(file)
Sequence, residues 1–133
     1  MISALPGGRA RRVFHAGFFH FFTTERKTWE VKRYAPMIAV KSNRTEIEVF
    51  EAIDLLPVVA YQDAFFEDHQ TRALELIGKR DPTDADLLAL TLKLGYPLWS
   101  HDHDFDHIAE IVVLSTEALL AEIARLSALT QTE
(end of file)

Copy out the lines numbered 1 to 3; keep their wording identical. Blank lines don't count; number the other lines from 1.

Sequence, residues 1–133
     1  MISALPGGRA RRVFHAGFFH FFTTERKTWE VKRYAPMIAV KSNRTEIEVF
    51  EAIDLLPVVA YQDAFFEDHQ TRALELIGKR DPTDADLLAL TLKLGYPLWS